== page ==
Transcriptional hubs confer phenotypic robustness

Stripes of colour display gene expression patterns
Drosophila embryo showing expression patterns of three enhancers that partially overlap, imaged with confocal fluorescence microscopy. IMAGE: Justin Crocker/EMBL

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Enhancers in Drosophila embryos gather to preserve phenotypes under stressful conditions

As an embryo develops from an initial group of similar cells, precise patterns of gene expression determine how these cells differentiate into various cell types. The gene expression patterns are controlled by regions of DNA called enhancers, which are bound by molecules known as transcription factors.

EMBL scientists from the Crocker group have previously shown that multiple sections of DNA that contain enhancers for the same gene can physically gather together to form a microenvironment within the cell’s nucleus – a transcriptional ‘hub’. These hubs are enriched for both enhancers and transcription factors, providing a mechanism to keep the expression of their corresponding gene more consistent and more resistant to the failure of a single enhancer.

Now they have demonstrated that, even when one of these enhancers is deleted from its original location and inserted into a different chromosome of the Drosophila melanogaster genome, it is still able to find its way to the same hub. Their results, published in eLife on 11 July, show that these adaptable transcriptional hubs help preserve the phenotype of an organism developing under environmental stress.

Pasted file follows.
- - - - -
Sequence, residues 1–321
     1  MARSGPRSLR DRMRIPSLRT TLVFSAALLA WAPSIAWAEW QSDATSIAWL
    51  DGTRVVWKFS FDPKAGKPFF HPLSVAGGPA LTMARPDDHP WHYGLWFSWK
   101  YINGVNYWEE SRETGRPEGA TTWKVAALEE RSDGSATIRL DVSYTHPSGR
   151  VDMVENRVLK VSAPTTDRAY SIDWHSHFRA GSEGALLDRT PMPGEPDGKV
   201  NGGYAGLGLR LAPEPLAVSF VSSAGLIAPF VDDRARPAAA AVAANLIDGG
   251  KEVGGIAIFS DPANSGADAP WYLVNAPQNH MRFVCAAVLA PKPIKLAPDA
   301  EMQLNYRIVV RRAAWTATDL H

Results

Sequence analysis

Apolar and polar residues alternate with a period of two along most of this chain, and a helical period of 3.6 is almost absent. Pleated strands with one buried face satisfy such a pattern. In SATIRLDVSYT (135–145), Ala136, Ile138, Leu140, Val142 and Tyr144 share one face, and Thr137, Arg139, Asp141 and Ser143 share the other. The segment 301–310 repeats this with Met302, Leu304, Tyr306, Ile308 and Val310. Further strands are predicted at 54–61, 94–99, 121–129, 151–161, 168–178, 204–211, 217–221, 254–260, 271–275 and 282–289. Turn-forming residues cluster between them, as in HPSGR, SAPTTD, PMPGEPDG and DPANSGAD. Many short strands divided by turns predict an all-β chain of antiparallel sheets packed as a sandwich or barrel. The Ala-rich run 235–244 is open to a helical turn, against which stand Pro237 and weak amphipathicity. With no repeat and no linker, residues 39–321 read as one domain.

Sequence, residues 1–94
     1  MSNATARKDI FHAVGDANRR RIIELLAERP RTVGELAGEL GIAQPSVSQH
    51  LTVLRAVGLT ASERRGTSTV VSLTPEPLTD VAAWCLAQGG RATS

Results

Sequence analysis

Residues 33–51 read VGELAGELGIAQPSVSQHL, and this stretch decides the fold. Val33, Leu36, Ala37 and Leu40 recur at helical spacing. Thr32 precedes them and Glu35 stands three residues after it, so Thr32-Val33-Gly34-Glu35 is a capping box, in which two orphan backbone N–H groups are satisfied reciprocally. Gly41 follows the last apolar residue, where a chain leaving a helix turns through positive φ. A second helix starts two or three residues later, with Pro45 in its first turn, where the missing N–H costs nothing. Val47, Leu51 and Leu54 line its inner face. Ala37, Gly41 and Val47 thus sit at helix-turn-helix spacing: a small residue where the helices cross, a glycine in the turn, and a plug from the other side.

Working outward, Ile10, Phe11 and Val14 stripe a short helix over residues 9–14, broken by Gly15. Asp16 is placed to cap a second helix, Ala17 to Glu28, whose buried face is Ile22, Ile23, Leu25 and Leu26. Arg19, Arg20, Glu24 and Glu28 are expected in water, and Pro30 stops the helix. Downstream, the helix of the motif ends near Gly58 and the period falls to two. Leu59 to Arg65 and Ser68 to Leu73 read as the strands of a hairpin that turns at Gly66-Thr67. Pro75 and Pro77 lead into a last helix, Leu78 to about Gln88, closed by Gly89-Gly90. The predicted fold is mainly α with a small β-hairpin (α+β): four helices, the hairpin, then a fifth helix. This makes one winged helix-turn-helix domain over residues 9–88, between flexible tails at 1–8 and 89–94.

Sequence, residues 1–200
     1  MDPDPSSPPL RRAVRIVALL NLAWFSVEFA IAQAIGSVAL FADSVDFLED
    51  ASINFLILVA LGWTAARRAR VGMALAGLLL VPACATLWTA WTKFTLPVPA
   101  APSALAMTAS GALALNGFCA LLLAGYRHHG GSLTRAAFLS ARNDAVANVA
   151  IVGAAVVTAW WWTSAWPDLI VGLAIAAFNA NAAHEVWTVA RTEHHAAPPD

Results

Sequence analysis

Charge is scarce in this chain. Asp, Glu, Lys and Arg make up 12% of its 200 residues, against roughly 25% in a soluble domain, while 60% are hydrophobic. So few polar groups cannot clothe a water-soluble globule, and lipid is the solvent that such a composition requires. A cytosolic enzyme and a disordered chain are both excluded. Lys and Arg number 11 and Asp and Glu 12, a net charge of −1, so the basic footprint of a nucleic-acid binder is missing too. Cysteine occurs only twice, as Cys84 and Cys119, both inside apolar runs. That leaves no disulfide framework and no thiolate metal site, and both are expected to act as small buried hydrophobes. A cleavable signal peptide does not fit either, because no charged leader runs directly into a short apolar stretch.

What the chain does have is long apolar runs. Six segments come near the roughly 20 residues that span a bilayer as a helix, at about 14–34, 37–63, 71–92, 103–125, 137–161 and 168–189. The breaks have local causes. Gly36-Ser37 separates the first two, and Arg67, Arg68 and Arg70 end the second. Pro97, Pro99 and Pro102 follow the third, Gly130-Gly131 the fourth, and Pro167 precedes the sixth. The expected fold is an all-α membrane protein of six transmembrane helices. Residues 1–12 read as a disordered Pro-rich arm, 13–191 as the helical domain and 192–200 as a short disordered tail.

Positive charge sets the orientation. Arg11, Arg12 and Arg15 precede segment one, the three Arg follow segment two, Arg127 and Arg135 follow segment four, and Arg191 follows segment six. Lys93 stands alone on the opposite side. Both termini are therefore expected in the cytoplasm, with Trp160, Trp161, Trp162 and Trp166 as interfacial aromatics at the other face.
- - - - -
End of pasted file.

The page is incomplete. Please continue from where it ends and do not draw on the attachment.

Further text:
The researchers first removed an enhancer from the Drosophila genome that boosts the expression of a gene responsible for making ‘hooks’, known as trichomes, on the epidermis of fly larvae. Under normal conditions, no defects were observed, but under the stress of high temperature, embryos developed abnormally low numbers of trichomes.

The researchers then moved the enhancer region to a different chromosome. Despite the high temperature, the embryos were now able to develop enough trichomes. The region of DNA containing the enhancer had moved to the same hub as the original gene, reinforcing gene expression and preserving the phenotype.

This research provides new insight into how embryos are robust to environmental and genetic stresses through cooperative interactions across the genome. Researchers must now ask how this robustness occurs in living embryos. How do these hubs form? What are the necessary components and conditions? This system opens new avenues for developmental biologists to explore fundamental questions related to gene expression, evolution, and development.